Gender and age are also the aspects that affect consumer behaviour. When targeting consumers, online marketers must be aware of the differences between women and men. They must also be aware of the age of their customers. Men and women will shop in a different way. Men tend to buy services or products that they feel are more personal. They will only buy products that are meant for their personal use (Bacon 2004). On the other hand, women will purchase services or products that they feel are personal and can be used by their family or close friends. Age has also the power of influencing consumer behaviour. People will change their preference of services and goods with the passage of time (Bacon 2004). Family life cycle also falls under the aspect of age.
Personal aspects include individual needs, occupation, economic situation and desires. They are all internal aspects that affect consumer behaviour. Personality changes from an individual to another (Noel 2009). People will always be under diverse circumstances in their lives. Personality will be characterised by aggressiveness, dominance and self-confidence. All of these are crucial in shaping and affecting consumer behaviour.
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Psychological aspects of consumer behaviour can include things like motivation, attitudes or beliefs and a person’s perception on the various online services and products. The level of motivation will make a consumer buy services or products that appears to be more appealing and satisfying (Noel 2009). Therefore, a consumer’s need or want becomes a motivation. when it is more persistent.
Consumer Behaviour across All Consumption Stages
Consumption stages are highly affected by the aspects that affect consumer behaviour. It entails the whole process, which consumers make their purchasing decision in. The consumption stages involve need identification or problem awareness, information gathering, selection of the most appropriate service or product, purchasing and finally, post-purchase evaluation (Blythe 2003). A consumer will first acknowledge that he has got a need that requires satisfaction. Then he will gather information based on the aspects that affect his or her purchasing behaviour. This may be something like a belief, social influence and their current economic situation. A customer will then choose the most appropriate product that he feels will satisfy the current need or want (Blythe 2003).
Factors, such as education level and preference, will help to determine the service or product to be purchased. Having made a decision to buy a particular product, the customer will then purchase the service or product from the best online outlet that is offering this particular product or service at the cheapest price. Finally, the consumer will evaluate his or her decision after buying service or product. The consumer will evaluate whether the service or product bought satisfies the current need. In case if the customer or consumer feels dissatisfied, he will opt for a different service or product in future (Overton 2001).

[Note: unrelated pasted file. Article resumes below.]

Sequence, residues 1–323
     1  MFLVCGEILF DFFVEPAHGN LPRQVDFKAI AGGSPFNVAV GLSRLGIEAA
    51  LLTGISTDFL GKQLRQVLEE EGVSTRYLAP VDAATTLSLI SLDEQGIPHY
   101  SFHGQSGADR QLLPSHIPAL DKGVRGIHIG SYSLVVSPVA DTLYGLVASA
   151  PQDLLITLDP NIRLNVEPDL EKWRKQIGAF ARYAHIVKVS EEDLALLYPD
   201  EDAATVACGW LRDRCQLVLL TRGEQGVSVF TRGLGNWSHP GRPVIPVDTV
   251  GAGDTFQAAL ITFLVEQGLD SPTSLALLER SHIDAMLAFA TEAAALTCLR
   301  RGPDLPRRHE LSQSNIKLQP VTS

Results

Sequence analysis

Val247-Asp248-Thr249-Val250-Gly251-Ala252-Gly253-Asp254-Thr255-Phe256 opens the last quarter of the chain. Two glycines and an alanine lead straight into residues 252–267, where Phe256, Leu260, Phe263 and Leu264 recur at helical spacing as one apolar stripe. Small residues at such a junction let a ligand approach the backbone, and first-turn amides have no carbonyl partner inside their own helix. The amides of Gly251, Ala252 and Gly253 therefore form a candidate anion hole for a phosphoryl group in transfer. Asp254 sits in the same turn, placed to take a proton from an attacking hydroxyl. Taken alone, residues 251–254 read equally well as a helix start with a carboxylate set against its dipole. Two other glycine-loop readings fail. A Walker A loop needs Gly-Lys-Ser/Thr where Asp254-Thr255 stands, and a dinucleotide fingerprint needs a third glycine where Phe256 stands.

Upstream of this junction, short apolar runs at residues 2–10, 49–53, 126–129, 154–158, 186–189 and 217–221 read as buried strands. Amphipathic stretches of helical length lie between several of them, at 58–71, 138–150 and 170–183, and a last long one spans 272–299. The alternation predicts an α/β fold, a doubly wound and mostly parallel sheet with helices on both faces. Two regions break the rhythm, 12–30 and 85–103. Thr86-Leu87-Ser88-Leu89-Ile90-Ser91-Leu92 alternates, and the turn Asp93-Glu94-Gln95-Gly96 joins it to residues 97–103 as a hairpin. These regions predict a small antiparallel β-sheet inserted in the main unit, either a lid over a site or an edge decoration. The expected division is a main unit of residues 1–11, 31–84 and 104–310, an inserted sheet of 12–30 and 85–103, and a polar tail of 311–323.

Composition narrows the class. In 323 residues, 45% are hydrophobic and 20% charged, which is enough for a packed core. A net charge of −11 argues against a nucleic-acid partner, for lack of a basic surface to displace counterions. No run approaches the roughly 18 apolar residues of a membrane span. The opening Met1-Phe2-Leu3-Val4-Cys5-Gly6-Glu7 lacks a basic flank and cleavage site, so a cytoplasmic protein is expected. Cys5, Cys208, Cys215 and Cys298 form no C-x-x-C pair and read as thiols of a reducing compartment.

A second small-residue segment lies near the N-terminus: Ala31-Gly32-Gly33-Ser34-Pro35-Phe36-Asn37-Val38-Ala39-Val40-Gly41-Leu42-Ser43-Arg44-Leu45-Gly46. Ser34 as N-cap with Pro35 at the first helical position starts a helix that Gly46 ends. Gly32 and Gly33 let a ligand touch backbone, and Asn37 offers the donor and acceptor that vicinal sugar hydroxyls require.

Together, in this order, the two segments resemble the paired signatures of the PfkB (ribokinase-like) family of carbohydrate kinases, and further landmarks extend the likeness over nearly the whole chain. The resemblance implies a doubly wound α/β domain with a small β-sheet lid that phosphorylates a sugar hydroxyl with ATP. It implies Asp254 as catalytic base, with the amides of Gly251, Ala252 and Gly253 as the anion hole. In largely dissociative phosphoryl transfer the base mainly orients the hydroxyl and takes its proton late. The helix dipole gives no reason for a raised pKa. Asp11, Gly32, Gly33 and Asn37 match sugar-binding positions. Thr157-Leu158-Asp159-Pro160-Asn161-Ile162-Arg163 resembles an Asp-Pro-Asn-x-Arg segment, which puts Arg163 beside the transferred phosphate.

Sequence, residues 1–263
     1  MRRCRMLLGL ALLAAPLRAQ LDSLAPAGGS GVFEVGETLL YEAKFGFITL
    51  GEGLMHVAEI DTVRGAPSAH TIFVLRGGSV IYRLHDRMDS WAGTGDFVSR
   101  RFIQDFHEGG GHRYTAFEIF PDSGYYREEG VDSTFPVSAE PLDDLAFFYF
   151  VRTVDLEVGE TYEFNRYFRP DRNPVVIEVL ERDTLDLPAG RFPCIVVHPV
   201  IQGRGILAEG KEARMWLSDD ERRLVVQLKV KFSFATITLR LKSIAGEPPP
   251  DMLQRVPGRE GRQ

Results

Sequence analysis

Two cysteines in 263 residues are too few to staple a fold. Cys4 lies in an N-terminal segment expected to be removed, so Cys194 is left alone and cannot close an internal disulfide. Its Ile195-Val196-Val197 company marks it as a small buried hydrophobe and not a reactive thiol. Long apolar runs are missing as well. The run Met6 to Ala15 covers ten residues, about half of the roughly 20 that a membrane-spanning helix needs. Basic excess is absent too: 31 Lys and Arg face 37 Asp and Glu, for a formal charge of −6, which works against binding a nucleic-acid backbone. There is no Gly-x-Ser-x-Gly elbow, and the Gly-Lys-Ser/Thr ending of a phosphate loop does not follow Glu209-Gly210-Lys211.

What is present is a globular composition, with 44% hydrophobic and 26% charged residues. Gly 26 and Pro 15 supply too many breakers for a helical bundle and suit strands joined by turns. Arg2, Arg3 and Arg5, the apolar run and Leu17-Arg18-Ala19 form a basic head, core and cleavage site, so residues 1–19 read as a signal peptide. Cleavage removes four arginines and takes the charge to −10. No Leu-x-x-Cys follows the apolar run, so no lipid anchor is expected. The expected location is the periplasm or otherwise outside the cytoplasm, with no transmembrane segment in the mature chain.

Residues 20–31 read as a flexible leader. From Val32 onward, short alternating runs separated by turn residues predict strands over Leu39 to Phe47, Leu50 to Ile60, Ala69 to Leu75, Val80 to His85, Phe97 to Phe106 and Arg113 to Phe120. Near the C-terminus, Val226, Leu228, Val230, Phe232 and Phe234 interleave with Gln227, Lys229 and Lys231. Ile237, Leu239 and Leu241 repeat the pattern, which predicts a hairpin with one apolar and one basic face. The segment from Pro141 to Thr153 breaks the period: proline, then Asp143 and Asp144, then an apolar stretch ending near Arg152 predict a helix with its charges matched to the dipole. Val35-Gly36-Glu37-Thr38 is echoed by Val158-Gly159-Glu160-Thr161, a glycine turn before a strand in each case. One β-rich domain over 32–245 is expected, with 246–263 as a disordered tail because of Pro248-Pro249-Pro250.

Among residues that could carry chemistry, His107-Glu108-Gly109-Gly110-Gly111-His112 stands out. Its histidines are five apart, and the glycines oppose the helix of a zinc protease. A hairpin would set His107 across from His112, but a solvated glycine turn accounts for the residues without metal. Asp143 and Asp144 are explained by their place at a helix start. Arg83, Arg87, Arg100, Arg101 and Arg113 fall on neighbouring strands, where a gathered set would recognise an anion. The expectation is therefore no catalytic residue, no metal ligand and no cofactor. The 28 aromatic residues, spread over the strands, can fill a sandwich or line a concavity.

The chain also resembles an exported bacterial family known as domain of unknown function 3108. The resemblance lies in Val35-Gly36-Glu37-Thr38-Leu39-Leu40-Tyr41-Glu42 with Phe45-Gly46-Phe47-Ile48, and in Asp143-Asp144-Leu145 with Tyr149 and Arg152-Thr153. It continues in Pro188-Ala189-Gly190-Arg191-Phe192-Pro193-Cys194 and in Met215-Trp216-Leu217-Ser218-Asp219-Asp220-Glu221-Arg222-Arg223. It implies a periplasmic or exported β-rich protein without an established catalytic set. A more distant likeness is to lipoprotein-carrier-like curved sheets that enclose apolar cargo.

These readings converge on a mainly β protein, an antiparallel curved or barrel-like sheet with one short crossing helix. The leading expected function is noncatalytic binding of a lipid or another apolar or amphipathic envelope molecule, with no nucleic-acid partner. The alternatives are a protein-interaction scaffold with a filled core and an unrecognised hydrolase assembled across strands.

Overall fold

Modern-day Issues Influencing Buyer’s Behaviour
As the online buying behaviour of the consumers advance, so do the marketing methods used by companies in order to sell their products and services to the customers. For the companies to provide the customers with the products they need, marketers need to understand the elements that influence the consumer’s purchasing behaviour and pattern. This is why marketing firms conducts market surveys and research (Overton 2001). The main elements that influence the consumer purchasing behaviour are usually the economy and the stability of the job. The contemporary issues influencing the potential customers are very evident: the world economic crisis of 2007, and rising influence of technology experienced all over the world (Evans, Jamal & Foxal 2009).
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Nowadays, consumers are more engrossed to the items that bring diverse features together with the quality. A customer wants not only products that are long lasting, but also the products that are dependable (Bacon 2004). This means that the firms will be required to invest a lot of resources and time in determining the components used to make those goods. Items of high quality normally ensure better functioning of the products; hence, attract more buyers.
Consumers worldwide are becoming wise now, especially with their money and spending patterns. The customers are restraining from using a credit card in making purchases that put them into debit. Recent research indicates that only one third of the US consumers claim to use their debit cards in making purchases (Bacon 2004). This means that consumers are becoming stringent in their budgeting tactics. As a result, it influences their purchasing behaviour.